Down at half, Knights win ugly one vs PVAM


Down by one entering the second half last night against Prairie View A&M, history was not on the side of the Rutgers women's basketball team.

The Scarlet Knights were 0-4 entering last night's game when trailing at the half, but a 7-2 run in the final minutes and the versatile play of sophomore guard Khadijah Rushdan were just enough to pull out a 50-45 victory over the Panthers at the Louis Brown Athletic Center.

"It gets hectic out there," Rushdan said. "I'm going to do whatever the team needs me to do. I felt like I needed to help … I wanted to try and step up and do anything that I could."

The guard finished with eight points, three steals, three rebounds and four assists, but most importantly Rushdan was the lone Knight to play significant minutes and not commit a single turnover.

The Knights were bitten by the turnover bug yet again, giving the ball away 19 times.

The Panthers' ball control was no better, as PVAM committed 19 turnovers, leading to 15 of Rutgers' points.

"[The turnovers were] a flashback to Princeton and Temple," said an exasperated Rutgers head coach C. Vivian Stringer. "They were unforced, totally unnecessary."

Fresh off missing a double-double in her last game, sophomore forward Chelsey Lee led the Knights in scoring and rebounds with 12 and eight, respectively. The game marks the third time this season Lee has scored in double figures.

Senior guard Brittany Ray added 11 points of her own, the 13th time in 16 games Ray has scored in double digits dating back to last season.

Rutgers struggled to build momentum until the last three minutes.

Ray hit two free throws and followed up with a jump shot from the corner to give the Knights a 47-43 advantage — Rutgers' largest lead of the game since being up 6-2 two minutes into the first half.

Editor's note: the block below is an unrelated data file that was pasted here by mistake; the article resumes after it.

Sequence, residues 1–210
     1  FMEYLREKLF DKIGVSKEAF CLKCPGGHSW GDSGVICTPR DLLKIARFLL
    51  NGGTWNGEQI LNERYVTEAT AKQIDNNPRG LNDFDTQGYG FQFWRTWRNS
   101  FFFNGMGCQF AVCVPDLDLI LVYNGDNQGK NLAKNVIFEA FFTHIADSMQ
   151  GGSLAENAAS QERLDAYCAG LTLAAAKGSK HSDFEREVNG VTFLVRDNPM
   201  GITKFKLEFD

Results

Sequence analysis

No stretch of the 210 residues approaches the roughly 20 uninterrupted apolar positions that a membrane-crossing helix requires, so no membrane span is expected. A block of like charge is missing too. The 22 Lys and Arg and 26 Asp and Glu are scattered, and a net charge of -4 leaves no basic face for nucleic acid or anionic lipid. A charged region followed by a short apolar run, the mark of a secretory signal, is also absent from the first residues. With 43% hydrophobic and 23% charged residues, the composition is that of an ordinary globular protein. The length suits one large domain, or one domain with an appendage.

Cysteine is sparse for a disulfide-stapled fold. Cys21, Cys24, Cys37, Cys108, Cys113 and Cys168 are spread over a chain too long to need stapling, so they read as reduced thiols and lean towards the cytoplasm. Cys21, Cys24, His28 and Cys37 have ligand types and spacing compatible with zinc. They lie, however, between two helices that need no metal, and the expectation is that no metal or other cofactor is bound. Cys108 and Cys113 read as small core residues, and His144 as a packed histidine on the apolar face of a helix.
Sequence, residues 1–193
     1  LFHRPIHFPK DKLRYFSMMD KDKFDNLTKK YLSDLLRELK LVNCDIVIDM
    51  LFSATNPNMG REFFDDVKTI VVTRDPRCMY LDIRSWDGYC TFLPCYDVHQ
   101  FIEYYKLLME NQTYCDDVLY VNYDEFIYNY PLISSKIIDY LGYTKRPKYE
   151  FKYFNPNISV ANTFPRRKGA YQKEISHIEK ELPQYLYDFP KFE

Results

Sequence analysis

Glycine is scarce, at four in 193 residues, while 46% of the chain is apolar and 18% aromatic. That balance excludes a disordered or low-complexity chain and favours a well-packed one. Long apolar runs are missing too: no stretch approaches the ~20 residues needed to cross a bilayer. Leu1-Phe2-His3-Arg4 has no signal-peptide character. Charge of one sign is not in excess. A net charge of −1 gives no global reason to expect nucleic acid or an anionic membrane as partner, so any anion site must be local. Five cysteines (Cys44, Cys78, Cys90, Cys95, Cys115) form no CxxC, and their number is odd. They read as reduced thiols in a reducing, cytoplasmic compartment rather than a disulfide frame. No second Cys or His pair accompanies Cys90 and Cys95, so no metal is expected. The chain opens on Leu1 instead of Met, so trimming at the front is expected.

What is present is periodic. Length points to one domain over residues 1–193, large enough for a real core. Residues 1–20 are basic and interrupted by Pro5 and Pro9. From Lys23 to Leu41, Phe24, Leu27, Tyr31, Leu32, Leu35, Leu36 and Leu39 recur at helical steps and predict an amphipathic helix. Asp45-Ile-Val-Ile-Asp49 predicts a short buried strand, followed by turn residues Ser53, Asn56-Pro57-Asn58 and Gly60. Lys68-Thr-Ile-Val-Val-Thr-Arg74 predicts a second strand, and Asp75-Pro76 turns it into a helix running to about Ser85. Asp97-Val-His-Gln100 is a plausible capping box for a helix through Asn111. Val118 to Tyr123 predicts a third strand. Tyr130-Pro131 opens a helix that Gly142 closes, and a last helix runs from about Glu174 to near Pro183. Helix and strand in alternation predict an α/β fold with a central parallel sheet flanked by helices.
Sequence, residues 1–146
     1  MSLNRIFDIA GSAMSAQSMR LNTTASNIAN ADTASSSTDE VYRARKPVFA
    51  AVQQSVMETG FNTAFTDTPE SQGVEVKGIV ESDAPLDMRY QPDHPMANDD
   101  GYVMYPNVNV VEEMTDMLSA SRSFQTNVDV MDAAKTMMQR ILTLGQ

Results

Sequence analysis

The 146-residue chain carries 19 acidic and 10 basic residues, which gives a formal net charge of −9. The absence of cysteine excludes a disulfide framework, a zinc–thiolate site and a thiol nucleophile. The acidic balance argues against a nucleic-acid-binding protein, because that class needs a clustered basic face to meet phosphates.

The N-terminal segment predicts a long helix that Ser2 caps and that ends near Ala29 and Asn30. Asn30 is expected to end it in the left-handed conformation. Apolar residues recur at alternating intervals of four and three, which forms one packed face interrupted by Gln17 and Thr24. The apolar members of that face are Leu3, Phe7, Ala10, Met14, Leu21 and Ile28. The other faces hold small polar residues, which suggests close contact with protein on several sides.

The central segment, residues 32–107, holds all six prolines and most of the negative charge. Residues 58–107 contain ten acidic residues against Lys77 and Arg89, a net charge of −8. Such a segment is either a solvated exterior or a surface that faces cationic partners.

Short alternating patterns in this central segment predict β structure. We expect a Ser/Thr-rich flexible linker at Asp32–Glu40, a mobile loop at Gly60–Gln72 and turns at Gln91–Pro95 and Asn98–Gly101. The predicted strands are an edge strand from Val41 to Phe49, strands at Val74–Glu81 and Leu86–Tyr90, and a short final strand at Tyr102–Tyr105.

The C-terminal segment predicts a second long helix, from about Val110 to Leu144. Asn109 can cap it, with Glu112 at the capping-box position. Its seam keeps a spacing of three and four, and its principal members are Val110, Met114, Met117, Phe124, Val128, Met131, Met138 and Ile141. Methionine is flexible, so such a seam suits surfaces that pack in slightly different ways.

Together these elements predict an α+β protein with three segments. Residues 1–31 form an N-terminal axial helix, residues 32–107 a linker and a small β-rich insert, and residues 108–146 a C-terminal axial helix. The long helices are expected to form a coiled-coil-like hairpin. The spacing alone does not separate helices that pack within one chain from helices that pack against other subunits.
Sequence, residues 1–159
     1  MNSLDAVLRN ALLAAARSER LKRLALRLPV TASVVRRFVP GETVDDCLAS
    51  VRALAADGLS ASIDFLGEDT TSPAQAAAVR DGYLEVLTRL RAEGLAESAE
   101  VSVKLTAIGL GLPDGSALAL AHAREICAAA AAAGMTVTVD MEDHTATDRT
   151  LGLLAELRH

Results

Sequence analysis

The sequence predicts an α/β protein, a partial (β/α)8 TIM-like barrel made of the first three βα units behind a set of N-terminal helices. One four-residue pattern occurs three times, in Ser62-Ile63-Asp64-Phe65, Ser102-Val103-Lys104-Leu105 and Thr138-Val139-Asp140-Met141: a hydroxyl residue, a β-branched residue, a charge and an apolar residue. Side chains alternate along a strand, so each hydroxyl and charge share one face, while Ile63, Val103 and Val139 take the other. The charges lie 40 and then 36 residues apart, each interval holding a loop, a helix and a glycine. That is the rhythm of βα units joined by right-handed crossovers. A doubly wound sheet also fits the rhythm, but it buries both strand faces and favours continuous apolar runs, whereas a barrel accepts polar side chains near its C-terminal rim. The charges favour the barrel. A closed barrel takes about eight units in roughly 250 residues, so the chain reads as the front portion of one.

"We wanted to make it very difficult for Rutgers to score," said Prairie View head coach Cynthia Cooper-Dyke. "But as I said last year, the cream always rises to the top and Brittany Ray hit that three pointer [in the second half] that really hurt us."

Though Rutgers finished the game shooting nearly 39 percent from the floor, it was plagued by missed open shots. The Knights could not get their layups to fall but were bailed out by their offensive rebounding with 17 boards. Rutgers outrebounded the Panthers 37-27 in the game.

"The sad part about it is everybody else was [open] point blank," Stringer said. "All we can do is get you the shot and you have to hit shots."

While freshman forward Monique Oliver saw 13 minutes after sitting out last game, Erica Wheeler and Christine Huber, the Knights' other two freshmen this year combined for only five minutes yesterday.

"They forget the basic things, until Erica can remember her name, basically, and Chris [Huber] can contribute in the way that we need [it's difficult]," Stringer said. "We have no intention of playing them only two, three or seven minutes a game."

Rutgers was saved by its post play in the second half. Lee and Oliver combined for eight of the Knights' first nine points to start the second half, propelling RU to a 28-25 lead.

"Sometimes you take [turnovers] into consideration you don't want to do it but you do it because you're so overanxious," Ray said. "They come from traveling or not making sure we keep our pivot foot down, just the little things."

 


Steve Williamson

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